A diplomatic memoir unlike any other, this volume takes the reader behind the scenes on both sides of the Cold War as two men form an unlikely partnership to help transform Soviet-American relations. When U.S. assistant secretary of state Richard Schifter first met Soviet deputy foreign minister Anatoly Adamishin to discuss human rights, the Reagan administration was still skeptical of Gorbachev's reformist credentials. But skepticism soon gave way not just to belief but to active support. Like their immediate superiors George Shultz and Eduard Shevardnadze, Schifter and Adamishin became partners in the process of rapprochement. Together, they helped free political prisoners, spur Jewish emigration, support perestroika against its domestic enemies, and contribute to the mutual trust that allowed the Cold War to end swiftly and peacefully. Each chapter consists of two parts, one by each author, that offer complementary perspectives on the same events. The result is a volume that reveals much about the policymaking process during a historic era and exemplifies the power of diplomatic negotiation. It also argues provocatively that once the Cold War had ended, U.S. assistance to the Soviet Union could have helped prevent Gorbachev's fall from power, which ultimately damaged the democratic cause in Russia.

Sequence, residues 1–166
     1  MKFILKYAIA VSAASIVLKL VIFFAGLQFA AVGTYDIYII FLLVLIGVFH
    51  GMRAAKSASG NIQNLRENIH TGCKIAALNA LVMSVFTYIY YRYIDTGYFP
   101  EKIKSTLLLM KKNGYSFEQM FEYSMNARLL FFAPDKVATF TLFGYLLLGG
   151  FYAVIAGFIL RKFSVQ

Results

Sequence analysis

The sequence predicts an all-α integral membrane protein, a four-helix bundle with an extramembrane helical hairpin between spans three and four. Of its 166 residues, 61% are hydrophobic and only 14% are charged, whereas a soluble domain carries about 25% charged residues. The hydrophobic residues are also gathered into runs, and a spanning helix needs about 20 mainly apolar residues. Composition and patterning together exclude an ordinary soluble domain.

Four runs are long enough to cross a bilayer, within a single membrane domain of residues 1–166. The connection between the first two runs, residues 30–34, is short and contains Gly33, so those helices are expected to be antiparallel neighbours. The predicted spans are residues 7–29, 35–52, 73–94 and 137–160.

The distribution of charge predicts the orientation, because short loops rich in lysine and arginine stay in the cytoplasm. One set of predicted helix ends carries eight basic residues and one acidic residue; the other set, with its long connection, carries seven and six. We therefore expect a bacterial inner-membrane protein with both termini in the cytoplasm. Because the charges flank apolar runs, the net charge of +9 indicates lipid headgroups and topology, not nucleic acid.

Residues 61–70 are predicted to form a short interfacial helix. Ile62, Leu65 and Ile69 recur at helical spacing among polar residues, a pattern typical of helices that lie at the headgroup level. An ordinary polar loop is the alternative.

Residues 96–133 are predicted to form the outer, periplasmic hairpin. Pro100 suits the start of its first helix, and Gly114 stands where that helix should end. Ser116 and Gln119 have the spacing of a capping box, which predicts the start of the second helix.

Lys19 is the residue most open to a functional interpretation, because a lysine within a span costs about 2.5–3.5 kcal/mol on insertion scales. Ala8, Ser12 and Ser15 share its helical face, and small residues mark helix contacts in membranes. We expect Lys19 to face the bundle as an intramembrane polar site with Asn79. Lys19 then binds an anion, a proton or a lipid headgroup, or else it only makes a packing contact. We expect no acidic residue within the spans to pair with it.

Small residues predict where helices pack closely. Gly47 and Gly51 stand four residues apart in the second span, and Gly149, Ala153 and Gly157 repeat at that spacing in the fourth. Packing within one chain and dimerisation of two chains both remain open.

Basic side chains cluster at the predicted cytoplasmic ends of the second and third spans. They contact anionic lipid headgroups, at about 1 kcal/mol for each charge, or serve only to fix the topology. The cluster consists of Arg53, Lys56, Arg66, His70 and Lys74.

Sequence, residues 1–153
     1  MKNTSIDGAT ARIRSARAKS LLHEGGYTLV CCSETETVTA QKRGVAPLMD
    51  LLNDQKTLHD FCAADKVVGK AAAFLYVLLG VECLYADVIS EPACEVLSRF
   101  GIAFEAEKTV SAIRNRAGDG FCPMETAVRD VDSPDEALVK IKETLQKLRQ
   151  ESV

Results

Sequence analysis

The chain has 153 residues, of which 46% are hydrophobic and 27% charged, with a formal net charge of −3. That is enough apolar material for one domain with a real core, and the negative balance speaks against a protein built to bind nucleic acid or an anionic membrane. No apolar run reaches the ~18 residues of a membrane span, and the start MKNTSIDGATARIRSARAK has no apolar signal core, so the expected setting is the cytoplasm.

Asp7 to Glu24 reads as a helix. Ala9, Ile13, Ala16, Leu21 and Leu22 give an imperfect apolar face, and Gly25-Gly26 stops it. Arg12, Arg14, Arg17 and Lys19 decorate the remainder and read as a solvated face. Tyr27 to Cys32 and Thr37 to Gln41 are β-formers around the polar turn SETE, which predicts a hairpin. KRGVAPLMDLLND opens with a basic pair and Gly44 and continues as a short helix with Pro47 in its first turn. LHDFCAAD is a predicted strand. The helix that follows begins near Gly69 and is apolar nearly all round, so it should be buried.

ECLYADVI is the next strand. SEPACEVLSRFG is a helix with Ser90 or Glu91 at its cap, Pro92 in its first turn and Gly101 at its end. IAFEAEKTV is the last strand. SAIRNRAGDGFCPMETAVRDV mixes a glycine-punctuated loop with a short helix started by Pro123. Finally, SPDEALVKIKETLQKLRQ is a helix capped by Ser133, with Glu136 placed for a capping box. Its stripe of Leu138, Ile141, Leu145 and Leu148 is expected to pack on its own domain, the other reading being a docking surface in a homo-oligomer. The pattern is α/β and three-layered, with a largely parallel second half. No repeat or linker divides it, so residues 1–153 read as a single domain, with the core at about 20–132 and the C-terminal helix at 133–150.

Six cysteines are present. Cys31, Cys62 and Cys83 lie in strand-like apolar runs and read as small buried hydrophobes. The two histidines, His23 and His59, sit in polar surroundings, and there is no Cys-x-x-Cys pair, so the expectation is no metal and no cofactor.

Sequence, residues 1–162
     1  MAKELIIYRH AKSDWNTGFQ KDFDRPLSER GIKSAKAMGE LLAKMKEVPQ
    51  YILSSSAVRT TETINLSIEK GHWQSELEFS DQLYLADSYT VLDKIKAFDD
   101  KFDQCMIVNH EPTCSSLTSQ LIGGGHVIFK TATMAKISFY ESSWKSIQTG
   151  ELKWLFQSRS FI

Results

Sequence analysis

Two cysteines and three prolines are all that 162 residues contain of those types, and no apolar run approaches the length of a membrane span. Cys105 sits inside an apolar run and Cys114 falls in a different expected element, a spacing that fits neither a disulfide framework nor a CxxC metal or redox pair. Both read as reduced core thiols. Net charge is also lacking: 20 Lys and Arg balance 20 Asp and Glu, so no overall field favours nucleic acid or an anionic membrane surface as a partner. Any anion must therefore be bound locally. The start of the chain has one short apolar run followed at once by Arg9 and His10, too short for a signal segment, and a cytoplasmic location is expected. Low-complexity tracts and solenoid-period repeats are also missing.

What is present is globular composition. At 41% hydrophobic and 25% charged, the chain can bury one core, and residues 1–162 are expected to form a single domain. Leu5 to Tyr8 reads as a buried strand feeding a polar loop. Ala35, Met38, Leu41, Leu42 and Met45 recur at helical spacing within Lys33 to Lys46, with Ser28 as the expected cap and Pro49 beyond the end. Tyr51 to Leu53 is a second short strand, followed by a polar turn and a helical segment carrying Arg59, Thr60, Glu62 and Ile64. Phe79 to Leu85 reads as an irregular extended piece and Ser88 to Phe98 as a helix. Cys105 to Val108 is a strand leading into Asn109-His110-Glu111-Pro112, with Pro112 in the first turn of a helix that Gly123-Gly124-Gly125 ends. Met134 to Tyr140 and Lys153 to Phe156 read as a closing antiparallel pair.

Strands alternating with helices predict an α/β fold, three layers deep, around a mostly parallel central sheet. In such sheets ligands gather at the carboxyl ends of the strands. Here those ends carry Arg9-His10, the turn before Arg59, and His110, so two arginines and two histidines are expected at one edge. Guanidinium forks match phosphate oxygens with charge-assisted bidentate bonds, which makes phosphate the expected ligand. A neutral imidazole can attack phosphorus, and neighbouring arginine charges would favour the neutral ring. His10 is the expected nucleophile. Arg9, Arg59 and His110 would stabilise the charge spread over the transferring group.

Anatoly Adamishin has had a distinguished career in the foreign ministry of both the Soviet Union and the Russian Federation, serving as a deputy foreign minister and as ambassador to Italy and the United Kingdom. Richard Schifter practiced law before entering government service, where his appointments included assistant secretary of state for human rights and humanitarian affairs, counselor in the National Security Council, and special adviser to the U.S. secretary of state.
Foreword - Mikhail Gorbachev and George P. Shultz Introduction The Making of Unwitting Human Rights Officials Soviet-U.S. Relations and Human Rights before Perestroika Enter Gorbachev The Human Rights Agenda Vienna The End of Perestroika Concluding Thoughts